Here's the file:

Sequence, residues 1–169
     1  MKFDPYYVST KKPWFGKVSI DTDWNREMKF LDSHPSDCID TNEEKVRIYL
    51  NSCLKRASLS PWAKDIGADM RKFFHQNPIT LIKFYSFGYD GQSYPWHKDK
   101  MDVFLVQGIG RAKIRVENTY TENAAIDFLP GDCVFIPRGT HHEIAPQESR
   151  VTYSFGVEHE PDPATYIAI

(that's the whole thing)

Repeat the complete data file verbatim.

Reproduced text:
Sequence, residues 1–169
     1  MKFDPYYVST KKPWFGKVSI DTDWNREMKF LDSHPSDCID TNEEKVRIYL
    51  NSCLKRASLS PWAKDIGADM RKFFHQNPIT LIKFYSFGYD GQSYPWHKDK
   101  MDVFLVQGIG RAKIRVENTY TENAAIDFLP GDCVFIPRGT HHEIAPQESR
   151  VTYSFGVEHE PDPATYIAI